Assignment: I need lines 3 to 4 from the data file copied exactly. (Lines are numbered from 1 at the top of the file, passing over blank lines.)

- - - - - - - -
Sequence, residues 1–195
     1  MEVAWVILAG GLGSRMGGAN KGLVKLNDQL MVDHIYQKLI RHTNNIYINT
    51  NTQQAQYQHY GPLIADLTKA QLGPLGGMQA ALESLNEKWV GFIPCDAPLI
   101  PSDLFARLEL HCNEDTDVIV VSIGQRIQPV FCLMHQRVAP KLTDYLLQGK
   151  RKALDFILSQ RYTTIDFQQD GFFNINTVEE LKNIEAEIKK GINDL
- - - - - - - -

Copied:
    51  NTQQAQYQHY GPLIADLTKA QLGPLGGMQA ALESLNEKWV GFIPCDAPLI
   101  PSDLFARLEL HCNEDTDVIV VSIGQRIQPV FCLMHQRVAP KLTDYLLQGK